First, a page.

Genetic Programming Tree Visualizer

Genetic Programming

Free, Open Source function tree rendering and visualization Java code.

Understanding the results of genetic programming can be a daunting task. Are your trees being generated correctly? Are recombination and mutation happening as desired? Which branches are more stable than others – where is the evolution taking place? This code could potentially help you quickly answer such questions.

With the help of these objects you can easily export graphic images representing your trees. You can see what a tree looks like from one generation to the next. You could view the best individual per generation in a sequence of images to see how evolution is affecting your populaiton. This heuristic feel for what is going on could provide valuable insight and inspiration for your GP experiments.

Implementation is simple. Your GP trees need to implement the standard TreeNode interface found under javax.swing.tree.*. If you want to customize the rendering of the branches or nodes, simply create your own renderers which implement the TreeBranchRenderer and TreeNodeRenderer interfaces. Here is an example implementation:

TreeVisualizer tv = new TreeVisualizer();
tv.setTreeBranchRenderer(new METreeBranchRenderer());
tv.setTreeNodeRenderer(new METreeNodeRenderer());
tv.setBranchStartWidth(16.0);
tv.setArenaColor(Color.white);
tv.setSide(1024);
tv.setCircleDiminishFactor(0.75);
// i.getRoot() is example code.  
// It is there that you reference your TreeNode object.
tv.writeImageFile(tv.renderTree(i.getRoot()), new File("tree1.png"));


Download the Code (1.0)

Contains:

Documentation of the TreeVisualizer methods.

Tree Comparison

As a population converges towards an optimal solution, the differences in structure can be very subtle. One of the most profound benefits of this rendering method is it makes these minor variations evident. The following four images are two sets of a tree and the same tree mutated.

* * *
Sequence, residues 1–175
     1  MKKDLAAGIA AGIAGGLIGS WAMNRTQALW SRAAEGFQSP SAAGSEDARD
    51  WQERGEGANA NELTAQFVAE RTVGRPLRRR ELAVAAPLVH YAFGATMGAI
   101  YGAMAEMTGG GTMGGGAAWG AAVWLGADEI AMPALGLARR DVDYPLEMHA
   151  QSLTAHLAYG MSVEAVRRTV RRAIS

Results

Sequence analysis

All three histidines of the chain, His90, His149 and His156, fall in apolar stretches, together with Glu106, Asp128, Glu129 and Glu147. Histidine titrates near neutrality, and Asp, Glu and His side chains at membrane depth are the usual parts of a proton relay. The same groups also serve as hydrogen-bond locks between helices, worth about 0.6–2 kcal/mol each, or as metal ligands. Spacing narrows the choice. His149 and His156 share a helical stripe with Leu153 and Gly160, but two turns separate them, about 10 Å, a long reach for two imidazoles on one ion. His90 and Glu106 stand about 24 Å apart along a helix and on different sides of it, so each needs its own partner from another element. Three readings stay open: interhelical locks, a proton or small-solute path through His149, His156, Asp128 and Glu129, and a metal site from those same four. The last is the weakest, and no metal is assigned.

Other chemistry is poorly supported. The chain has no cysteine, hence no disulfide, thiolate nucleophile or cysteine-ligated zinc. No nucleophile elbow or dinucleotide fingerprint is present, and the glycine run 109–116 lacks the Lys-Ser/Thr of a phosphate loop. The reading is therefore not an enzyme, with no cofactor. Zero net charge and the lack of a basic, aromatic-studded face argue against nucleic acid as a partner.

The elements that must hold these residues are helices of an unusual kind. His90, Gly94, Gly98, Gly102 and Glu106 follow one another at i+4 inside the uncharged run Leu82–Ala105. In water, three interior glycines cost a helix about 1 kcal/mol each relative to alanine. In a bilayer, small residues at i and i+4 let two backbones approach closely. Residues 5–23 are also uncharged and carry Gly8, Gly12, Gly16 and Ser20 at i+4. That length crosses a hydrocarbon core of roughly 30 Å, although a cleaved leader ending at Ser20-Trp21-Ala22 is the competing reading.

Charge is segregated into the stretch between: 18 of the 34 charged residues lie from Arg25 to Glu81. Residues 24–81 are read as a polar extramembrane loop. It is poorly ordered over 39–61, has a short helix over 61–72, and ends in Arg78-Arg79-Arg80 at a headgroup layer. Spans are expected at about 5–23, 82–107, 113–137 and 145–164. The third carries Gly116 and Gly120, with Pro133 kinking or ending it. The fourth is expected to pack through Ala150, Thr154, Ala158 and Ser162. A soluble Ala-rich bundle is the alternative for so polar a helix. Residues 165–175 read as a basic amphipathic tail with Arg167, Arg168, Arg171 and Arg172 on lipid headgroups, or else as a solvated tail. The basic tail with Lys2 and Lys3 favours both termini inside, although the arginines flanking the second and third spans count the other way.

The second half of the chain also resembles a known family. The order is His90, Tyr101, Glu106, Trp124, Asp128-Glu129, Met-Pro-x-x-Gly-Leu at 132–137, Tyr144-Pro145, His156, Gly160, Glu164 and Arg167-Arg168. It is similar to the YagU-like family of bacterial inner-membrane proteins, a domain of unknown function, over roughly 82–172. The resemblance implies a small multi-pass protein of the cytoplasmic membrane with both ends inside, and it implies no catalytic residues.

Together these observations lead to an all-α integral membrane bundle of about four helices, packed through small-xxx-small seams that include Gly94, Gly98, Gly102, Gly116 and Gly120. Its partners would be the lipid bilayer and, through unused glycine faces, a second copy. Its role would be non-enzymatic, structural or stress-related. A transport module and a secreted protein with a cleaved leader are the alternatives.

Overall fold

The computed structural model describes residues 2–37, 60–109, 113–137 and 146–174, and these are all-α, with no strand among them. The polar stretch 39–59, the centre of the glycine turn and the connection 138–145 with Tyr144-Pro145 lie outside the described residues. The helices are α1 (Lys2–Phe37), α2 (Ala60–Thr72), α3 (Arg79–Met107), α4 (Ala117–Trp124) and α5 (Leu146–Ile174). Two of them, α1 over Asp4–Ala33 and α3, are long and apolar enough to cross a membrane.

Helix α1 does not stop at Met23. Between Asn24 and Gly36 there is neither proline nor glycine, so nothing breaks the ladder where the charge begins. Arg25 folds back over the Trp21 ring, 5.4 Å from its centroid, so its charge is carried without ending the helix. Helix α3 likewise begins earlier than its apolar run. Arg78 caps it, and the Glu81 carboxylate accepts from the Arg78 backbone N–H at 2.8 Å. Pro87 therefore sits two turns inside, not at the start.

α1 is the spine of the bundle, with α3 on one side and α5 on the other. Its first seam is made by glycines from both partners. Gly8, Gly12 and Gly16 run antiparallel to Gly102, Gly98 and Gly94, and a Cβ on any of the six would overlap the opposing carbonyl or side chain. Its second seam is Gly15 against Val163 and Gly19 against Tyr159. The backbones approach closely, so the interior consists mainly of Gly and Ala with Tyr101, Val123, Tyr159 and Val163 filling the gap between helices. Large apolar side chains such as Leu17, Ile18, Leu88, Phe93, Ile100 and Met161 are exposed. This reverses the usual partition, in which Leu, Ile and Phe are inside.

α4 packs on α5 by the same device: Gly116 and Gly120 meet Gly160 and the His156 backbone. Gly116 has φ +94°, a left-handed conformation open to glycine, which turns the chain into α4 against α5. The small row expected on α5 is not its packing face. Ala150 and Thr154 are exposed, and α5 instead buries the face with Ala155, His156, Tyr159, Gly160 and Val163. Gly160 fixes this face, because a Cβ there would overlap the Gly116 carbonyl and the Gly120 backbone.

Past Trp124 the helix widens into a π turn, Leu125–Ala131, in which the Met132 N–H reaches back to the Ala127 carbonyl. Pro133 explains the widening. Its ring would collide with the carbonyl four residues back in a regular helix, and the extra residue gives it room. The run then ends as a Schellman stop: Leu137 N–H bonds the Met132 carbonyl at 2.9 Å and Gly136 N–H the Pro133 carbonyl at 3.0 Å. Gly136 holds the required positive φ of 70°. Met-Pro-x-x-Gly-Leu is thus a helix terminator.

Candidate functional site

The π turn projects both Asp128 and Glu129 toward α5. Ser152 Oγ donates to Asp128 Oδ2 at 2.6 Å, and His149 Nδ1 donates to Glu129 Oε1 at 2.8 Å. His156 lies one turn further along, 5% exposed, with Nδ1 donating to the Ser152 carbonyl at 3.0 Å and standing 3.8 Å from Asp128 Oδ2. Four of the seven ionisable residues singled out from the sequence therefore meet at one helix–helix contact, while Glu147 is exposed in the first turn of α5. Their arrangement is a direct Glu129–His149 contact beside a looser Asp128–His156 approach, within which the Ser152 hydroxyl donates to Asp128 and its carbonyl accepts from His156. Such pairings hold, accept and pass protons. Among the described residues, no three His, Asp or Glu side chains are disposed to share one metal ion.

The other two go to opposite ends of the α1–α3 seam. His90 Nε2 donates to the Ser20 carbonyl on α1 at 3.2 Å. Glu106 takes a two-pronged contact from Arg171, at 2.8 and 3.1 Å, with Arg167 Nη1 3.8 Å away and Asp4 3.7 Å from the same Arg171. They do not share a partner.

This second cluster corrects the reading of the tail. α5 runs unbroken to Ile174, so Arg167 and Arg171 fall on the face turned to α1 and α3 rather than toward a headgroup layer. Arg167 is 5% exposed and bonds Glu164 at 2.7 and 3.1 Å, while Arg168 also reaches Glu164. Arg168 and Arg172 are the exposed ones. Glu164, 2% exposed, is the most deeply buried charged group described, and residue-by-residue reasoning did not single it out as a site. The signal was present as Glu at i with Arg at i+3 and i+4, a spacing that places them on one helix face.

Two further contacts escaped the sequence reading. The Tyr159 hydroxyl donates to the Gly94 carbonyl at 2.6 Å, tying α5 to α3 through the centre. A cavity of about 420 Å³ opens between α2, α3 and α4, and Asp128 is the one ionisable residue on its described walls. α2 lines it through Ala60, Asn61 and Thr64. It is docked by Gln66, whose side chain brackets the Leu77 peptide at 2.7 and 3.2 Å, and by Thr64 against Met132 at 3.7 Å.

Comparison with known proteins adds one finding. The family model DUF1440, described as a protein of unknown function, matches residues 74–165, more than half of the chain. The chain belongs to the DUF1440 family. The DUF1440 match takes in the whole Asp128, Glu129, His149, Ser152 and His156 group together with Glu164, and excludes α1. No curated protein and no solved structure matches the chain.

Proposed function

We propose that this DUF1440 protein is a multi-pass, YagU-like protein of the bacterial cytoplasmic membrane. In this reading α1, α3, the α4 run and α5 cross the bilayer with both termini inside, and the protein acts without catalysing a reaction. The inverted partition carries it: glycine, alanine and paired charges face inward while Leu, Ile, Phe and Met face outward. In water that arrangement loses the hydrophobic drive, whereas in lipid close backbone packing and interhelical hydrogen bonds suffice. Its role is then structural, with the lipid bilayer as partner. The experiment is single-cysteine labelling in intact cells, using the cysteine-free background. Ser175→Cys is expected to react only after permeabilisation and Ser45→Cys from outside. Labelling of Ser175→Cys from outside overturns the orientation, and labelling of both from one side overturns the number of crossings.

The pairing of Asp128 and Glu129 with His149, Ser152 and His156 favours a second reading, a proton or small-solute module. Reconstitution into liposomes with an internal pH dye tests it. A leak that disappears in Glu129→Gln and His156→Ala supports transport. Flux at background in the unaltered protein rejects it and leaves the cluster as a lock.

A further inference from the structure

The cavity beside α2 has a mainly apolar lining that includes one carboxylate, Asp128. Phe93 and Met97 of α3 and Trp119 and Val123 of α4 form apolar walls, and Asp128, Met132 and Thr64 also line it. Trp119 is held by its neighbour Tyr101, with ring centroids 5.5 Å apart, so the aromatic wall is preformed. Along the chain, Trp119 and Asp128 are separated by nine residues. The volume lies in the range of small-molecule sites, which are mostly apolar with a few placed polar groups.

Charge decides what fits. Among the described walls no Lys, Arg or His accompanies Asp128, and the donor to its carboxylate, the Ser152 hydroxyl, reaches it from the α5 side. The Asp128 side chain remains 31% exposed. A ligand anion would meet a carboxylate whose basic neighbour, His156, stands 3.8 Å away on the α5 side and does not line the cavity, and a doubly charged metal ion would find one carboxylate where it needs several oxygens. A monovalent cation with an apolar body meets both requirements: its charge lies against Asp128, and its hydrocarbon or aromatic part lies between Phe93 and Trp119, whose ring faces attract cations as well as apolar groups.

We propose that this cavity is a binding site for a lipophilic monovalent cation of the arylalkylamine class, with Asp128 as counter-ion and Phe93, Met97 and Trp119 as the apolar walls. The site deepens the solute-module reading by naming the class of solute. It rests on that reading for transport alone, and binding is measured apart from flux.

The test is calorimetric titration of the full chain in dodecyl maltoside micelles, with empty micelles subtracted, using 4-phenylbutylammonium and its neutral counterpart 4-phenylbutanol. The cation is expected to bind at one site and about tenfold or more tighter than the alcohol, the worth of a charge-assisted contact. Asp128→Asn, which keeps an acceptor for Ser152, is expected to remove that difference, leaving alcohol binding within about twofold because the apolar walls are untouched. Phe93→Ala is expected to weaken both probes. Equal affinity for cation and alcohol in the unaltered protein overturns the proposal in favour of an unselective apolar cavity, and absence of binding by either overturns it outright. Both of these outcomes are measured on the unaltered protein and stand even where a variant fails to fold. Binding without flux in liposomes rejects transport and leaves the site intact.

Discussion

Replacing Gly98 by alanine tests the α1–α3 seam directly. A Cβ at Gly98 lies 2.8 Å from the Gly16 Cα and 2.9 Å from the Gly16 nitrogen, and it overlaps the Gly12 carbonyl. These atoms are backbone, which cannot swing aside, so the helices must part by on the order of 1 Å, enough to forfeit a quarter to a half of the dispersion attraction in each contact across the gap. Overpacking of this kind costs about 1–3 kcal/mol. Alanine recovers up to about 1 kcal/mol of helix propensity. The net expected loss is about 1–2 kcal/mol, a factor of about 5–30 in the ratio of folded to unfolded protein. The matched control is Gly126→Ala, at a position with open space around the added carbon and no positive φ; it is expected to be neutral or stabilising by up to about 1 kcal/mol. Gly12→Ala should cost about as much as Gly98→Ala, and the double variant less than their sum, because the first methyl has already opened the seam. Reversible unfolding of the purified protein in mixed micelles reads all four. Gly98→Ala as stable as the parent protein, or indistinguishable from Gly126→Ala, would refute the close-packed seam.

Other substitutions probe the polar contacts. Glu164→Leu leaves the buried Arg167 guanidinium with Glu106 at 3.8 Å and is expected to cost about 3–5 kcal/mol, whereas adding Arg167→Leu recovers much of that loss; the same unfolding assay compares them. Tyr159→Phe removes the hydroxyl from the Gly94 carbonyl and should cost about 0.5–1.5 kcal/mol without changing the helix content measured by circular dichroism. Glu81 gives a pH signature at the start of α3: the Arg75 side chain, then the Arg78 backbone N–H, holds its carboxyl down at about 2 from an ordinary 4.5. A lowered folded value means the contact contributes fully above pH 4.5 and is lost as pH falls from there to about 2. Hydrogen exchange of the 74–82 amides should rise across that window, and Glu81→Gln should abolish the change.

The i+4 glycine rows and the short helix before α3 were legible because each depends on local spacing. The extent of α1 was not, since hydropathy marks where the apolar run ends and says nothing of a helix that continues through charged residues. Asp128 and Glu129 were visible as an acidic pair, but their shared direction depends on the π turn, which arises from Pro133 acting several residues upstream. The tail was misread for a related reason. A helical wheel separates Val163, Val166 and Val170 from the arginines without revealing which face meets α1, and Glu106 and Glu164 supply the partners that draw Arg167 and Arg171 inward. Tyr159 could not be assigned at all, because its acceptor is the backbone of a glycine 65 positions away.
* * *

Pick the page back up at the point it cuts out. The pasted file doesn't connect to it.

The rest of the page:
(Hint to easily see the difference: If you are using a browser capable of tabbed browsing, open each of these images in a separate tab then flip between the tabs to notice the mutation. This technique takes advantage of our brain’s ability to detect motion).

Tree A before and after Tree B before and after
before
A) Before.
after
A) After.
before
B) Before.
after
B) After.

Not convinced of the usefulness? Look at the before and after String representations of Tree B. Can you spot the difference? Plus, think of the interesting animation produced if you take a snapshot of your best individual for every generation.

Custom Rendering:

You can program your own tree node and tree branch renderers by extending the TreeNodeRenderer and TreeBranchRenderer interfaces. Your representations could contain any amount of information about your trees. In the examples on this page, branch color is governed by the type of node from which the branches sprout. These examlple implementations are included with the code package.

Tree nodes or branches could be colored according to a persistence number – the number of generations since the node was last mutated. This could be very useful in determining which part of your trees are vital “old growth”.

Rendered Examples:

function tree
(Larger View)
Nodes get darker based on level.
White branches – boolean operators.
Blue branches – comparison operators.
Golden branches – number operators.
function tree
(Larger View)
circleDiminishFactor set to 0.5.
branchStartWidth set to 8.0
renderNodes is false.
function tree
(Larger View)
Green branches – boolean operators.
Blue branches – comparison operators.
Red branches – number operators.
renderNodes is false.

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